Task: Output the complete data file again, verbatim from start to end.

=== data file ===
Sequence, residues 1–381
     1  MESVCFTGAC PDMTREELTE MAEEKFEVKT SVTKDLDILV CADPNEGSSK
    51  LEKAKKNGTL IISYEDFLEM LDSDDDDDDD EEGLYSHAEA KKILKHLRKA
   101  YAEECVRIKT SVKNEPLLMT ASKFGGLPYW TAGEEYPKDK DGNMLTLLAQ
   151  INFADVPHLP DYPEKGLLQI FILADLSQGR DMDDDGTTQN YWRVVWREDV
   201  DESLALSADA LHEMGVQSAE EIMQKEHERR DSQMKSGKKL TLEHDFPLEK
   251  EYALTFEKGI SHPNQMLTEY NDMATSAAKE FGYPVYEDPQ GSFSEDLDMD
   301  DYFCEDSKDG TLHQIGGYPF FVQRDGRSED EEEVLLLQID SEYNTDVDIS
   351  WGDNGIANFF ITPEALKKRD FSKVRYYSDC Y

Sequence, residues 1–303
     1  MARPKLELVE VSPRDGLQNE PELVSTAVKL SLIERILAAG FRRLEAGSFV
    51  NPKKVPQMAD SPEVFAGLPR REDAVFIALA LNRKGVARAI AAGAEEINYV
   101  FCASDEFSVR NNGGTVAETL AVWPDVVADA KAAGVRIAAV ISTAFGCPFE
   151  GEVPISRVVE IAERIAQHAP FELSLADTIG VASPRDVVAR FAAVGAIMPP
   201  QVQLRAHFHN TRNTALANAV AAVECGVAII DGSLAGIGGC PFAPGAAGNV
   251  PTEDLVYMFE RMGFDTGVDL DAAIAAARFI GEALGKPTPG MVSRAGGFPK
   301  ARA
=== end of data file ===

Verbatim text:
Sequence, residues 1–381
     1  MESVCFTGAC PDMTREELTE MAEEKFEVKT SVTKDLDILV CADPNEGSSK
    51  LEKAKKNGTL IISYEDFLEM LDSDDDDDDD EEGLYSHAEA KKILKHLRKA
   101  YAEECVRIKT SVKNEPLLMT ASKFGGLPYW TAGEEYPKDK DGNMLTLLAQ
   151  INFADVPHLP DYPEKGLLQI FILADLSQGR DMDDDGTTQN YWRVVWREDV
   201  DESLALSADA LHEMGVQSAE EIMQKEHERR DSQMKSGKKL TLEHDFPLEK
   251  EYALTFEKGI SHPNQMLTEY NDMATSAAKE FGYPVYEDPQ GSFSEDLDMD
   301  DYFCEDSKDG TLHQIGGYPF FVQRDGRSED EEEVLLLQID SEYNTDVDIS
   351  WGDNGIANFF ITPEALKKRD FSKVRYYSDC Y

Sequence, residues 1–303
     1  MARPKLELVE VSPRDGLQNE PELVSTAVKL SLIERILAAG FRRLEAGSFV
    51  NPKKVPQMAD SPEVFAGLPR REDAVFIALA LNRKGVARAI AAGAEEINYV
   101  FCASDEFSVR NNGGTVAETL AVWPDVVADA KAAGVRIAAV ISTAFGCPFE
   151  GEVPISRVVE IAERIAQHAP FELSLADTIG VASPRDVVAR FAAVGAIMPP
   201  QVQLRAHFHN TRNTALANAV AAVECGVAII DGSLAGIGGC PFAPGAAGNV
   251  PTEDLVYMFE RMGFDTGVDL DAAIAAARFI GEALGKPTPG MVSRAGGFPK
   301  ARA